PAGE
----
The Gaffer

  5. I want to see the trophy celebrations – it is part of the game and I would be disappointing if I did not get to see it. I also love the French Open so I can’t wait to see that also. I just naturally assumed who won the rights to the final game would also show the trophy celebrations –

  6. Let’s get to the real point here, why am I not surprised one of the first 3 people mentioning it’s not important here also bring up a edited Liverpool game. Not really the same thing, man, editing for content is a totally differently thing than editing for time. The trophy celebration is part of the season, every club is working with the dream of someday lifting that title, teams fight all season for it. Why the hell would they not show the title celebration> That’d be like cutting off the Superbowl or Stanley Cup right after the game, it’d be ridiculous. I don’t say this just cause I’m a United supporter, I think Chelsea’s win last season should’ve got the same coverage from ESPN2.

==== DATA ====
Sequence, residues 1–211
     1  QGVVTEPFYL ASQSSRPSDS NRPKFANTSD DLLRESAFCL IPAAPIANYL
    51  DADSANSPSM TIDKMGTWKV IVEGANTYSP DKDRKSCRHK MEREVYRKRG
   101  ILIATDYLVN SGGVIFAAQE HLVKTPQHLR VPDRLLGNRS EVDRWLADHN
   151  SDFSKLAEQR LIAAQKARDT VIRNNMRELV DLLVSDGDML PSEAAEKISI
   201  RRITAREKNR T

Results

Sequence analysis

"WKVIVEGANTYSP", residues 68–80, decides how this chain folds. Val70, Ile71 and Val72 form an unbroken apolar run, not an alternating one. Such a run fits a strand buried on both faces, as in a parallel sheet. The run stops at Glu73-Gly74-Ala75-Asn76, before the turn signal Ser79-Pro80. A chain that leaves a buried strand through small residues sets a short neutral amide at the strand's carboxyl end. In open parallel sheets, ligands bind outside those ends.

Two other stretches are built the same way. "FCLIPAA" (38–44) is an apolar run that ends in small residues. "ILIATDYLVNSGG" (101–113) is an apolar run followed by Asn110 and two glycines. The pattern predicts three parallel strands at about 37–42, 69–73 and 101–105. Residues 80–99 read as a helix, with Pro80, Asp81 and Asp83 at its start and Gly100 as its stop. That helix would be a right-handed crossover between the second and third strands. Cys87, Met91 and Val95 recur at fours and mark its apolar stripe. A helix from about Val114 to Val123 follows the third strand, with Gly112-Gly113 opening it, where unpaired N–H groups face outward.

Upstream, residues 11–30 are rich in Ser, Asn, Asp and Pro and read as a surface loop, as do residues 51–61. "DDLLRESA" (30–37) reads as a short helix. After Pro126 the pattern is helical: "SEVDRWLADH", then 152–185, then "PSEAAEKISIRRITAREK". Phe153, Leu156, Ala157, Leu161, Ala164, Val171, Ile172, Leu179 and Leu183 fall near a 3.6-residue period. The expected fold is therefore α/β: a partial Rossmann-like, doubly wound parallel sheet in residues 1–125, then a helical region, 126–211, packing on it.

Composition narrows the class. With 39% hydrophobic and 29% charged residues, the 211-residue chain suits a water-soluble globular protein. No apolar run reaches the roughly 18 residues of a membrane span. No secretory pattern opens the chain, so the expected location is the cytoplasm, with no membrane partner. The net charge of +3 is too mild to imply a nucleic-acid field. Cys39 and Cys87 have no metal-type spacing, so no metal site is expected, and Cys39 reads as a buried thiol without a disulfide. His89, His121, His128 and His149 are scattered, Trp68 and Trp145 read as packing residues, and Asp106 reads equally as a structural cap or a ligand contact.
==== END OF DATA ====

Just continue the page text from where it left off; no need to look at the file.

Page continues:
Sorry if it pains some (Liverpool supporters) to see us lift that trophy one more time than you guys, but come on, grow up and have a little respect for one another.

  7. Nick, I’m not a Liverpool fan. Methinks you’re obsessed with Liverpool. Get over it and move on. Your team overtook Liverpool domestically and when you overtake them in Europe then gloat all you want but move on. The fact that I don’t like the trophy presentation is because it’s bland, not becuase it’s Manchester United getting the trophy.

    1. Alright, but still, wouldn’t it be somewhat important or relevant to viewers who’ve watched all season as top clubs have battled to win that trophy?

      I mean, some are saying people who wanna see it should just hunt it down online. Wouldn’t it just be easier for those who don’t want to see it to not watch it?

  8. A bit unfair to ESPN in the sense that for regular season baseball/basketball/american football they do not show 30 minute post-game shows either (except in rare occasions)

    So why should they give that extra block of programming to footy?

    For sure the ESPNNews channel should be doing a much better job of accumulating post game audio clips and summaries though.